I will readily admit that I am someone who really gives the industry of law enforcement a lot of grief and that sometimes I misdirect my contempt at them. This misdirection that many of us participate in is a product of the circumstances in which we encounter police and knowledge of the separation of powers doctrine in our United States Constitution. The separation of powers clause was something that everyone should have learned in their high school government class. Police do not make policy decisions. The job of the police (and executive branch) is completely administrative in nature. They only enforce laws that the legislature put on the books. Their job is merely supposed to be one of reaction directed by a system and operational policy that was put into place by a totally different branch of the government. The decisions and what laws are enacted are the product of the legislative bodies. Police do not make laws, the legislature does. So when one has a problem with the police enforcing the laws, write or contact your representative or senator about the issue. Taking your anger out on the police is pointless and could become dangerous. By this same logic, if you don’t like paying taxes don’t take it out on the IRS. The IRS has no control over taxes and how much you pay. The laws that decide how much in taxes that you pay were a product of Congress and they are but the administrative messenger just doing as they are told to do by the law. The only control that the police have over policy is their advocacy groups and mercenary lobbyists that every other special interest group has.
In many ways our country has taken the industry of law enforcement a little too far. Recently I visited my former college campus (to listen to the TED talks) and noticed many changes since I had been there last. One of which was a campus police force (where we had previously had a small token security guard personnel). This is typical of many college campuses (both public and private that have their own law enforcement agencies). That is just another layer of government that civilians have to submit to and more government that can charge you with a crime. Standing at the relatively peaceful campus of University of Houston Downtown for another example one is under the jurisdiction of the UHD Police Department, Houston METRO Police, Houston Police Department, Harris County Sheriff’s Department, Texas Department of Public Safety and the federal government. That list includes at least 6 different law enforcement agencies that can charge you with a crime. This industry of law enforcement has gotten out of hand as the legislature authorizes all the small communities to incorporate into cities and have their own city ordinances and police forces. Here in the Harris County (greater Houston metropolitan) area there are more than 100 different law enforcement agencies operating looking for people to charge with any violation of legal statutes.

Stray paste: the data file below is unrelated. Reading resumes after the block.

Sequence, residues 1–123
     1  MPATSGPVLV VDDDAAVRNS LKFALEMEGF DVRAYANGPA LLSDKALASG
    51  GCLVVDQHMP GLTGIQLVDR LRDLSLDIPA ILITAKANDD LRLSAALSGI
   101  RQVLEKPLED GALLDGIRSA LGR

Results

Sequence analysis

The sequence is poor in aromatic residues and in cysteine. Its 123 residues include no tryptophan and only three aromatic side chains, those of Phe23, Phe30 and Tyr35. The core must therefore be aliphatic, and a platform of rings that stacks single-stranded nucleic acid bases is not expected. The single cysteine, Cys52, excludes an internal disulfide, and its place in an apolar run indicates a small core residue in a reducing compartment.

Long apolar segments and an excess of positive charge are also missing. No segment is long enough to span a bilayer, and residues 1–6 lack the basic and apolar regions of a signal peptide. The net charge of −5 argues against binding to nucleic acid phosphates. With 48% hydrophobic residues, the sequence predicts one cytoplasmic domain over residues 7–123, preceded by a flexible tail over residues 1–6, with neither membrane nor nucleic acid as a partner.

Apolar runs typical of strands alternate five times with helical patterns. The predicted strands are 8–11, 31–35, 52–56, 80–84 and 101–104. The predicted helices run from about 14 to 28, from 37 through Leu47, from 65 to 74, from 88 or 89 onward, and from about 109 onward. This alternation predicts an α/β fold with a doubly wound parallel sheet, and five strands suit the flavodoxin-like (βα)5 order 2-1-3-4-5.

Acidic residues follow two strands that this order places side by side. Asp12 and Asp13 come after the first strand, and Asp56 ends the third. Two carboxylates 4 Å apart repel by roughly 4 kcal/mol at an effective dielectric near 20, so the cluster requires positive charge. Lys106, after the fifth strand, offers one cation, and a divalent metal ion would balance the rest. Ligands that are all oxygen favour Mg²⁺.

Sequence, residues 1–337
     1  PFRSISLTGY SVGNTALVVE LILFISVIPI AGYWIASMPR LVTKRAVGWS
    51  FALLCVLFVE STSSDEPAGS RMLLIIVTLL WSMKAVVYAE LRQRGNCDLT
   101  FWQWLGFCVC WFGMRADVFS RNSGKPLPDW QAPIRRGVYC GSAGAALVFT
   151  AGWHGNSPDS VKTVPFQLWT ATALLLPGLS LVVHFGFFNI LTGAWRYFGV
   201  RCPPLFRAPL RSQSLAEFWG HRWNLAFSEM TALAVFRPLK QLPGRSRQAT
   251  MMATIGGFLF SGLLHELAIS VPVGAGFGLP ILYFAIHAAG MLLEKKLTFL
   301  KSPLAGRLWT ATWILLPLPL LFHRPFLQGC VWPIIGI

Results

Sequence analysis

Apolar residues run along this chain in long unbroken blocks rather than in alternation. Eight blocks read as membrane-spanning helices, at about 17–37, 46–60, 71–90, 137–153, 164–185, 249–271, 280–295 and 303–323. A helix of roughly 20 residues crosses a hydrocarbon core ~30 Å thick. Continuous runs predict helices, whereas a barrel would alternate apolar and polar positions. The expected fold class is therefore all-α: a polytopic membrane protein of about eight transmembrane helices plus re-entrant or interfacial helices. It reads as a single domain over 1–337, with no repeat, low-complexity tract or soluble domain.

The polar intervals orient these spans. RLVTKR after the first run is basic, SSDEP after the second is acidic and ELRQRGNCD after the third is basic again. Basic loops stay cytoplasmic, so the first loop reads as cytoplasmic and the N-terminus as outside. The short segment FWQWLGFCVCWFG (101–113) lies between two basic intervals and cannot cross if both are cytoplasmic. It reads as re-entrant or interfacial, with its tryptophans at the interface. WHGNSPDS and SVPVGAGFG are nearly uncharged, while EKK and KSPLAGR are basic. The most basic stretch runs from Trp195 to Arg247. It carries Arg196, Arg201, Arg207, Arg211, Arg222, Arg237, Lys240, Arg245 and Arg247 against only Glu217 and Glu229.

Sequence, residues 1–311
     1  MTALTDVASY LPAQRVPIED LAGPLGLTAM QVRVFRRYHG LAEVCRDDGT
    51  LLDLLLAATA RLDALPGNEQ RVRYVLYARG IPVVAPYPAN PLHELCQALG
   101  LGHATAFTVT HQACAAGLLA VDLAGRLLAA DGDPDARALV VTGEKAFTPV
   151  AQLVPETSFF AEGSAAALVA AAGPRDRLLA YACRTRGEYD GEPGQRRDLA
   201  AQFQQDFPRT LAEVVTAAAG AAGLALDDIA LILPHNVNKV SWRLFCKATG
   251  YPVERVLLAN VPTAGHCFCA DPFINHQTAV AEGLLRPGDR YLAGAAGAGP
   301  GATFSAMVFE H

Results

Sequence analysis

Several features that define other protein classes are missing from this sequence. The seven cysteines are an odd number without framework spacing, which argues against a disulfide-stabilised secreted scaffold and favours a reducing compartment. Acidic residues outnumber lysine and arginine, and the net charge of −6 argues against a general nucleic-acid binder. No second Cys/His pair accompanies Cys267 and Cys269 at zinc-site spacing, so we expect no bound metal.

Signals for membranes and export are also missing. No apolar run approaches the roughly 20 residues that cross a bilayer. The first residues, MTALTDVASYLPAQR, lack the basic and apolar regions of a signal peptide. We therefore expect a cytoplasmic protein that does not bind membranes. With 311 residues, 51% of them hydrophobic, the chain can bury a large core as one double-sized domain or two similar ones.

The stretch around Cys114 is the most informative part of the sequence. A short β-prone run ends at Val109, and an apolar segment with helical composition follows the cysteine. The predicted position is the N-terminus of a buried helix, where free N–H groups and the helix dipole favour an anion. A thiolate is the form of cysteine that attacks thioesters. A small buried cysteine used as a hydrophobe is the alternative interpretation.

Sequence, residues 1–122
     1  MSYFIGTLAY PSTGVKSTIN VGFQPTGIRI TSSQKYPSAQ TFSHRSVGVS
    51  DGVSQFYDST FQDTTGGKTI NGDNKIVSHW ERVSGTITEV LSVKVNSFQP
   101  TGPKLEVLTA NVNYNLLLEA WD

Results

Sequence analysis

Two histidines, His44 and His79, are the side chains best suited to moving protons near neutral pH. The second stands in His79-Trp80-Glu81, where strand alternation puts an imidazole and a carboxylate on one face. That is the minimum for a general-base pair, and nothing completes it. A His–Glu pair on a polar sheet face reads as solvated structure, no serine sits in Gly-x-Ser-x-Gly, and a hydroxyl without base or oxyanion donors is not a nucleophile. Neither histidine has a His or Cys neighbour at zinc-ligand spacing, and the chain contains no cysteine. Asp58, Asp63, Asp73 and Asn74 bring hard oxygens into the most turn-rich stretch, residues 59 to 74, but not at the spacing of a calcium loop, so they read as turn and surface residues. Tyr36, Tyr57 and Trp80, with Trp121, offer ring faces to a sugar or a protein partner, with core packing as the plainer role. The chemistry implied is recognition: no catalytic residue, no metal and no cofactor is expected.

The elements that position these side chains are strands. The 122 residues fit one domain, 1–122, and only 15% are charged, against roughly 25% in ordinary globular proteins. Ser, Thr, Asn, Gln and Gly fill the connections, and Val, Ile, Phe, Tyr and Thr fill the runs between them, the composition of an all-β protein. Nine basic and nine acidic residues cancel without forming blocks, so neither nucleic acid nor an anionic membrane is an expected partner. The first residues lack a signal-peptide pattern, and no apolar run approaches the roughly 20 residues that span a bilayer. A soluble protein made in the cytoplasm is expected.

As you ponder the fear of God that this puts into you, let us remember that our legislature let this happen.
The problems start with the many lines that the state continues to draw between citizens and the police that continue to make it look like we are being occupied by a foreign army. An example of this is the current statute on the death penalty and which murders qualify as a capital offense. The single crime of homicide against a barber, chef, engineer, teacher, physician, dentist, sailor, fishermen, priest or any number of other civilian jobs have the maximum punishment of a life sentence. However the homicide of a police officer (judge and prosecutor as well) must be punished by death (especially in Texas). The message that the current law sends is that some lives are worth more than others and not all human lives are equal. Some people are but mere pawns and others more important pieces. The message is that if you kill a police officer you will face the death penalty. However the murder of any other civilian (for example the barber, chef, engineer, teacher, physician, dentist, sailor, fishermen or priest) is more tolerable and the punishment is less.
This separation creates two separate classes determined by employment. The first class consisting of police (including judges and prosecutors) and the second class citizens being everyone else. With the state choosing what lives are of more value than others I would expect significant animosity to breed and occasional violence to erupt between the first class and the second class. Under the current logic of this part of the capital murder statutes we could probably create a third class or citizens based on employment including the homeless, drug dealers and prostitutes with the murder of these individuals punishable by maybe 10 years in prison. This follows the logic of the state that certain lives are worth more than others based on the occupation of the victim.
So much for all that crap about all life being precious and all men being created equal.
Another example of this kind of thinking as TX Representative Jason Villalba’s House Bill 2918 in bill that (thankfully failed in the legislature this past session) criminalized the filming of police absent certain distances.
The more distance that we put between the police and the public will be measured by a loss of transparency, accountability and trust.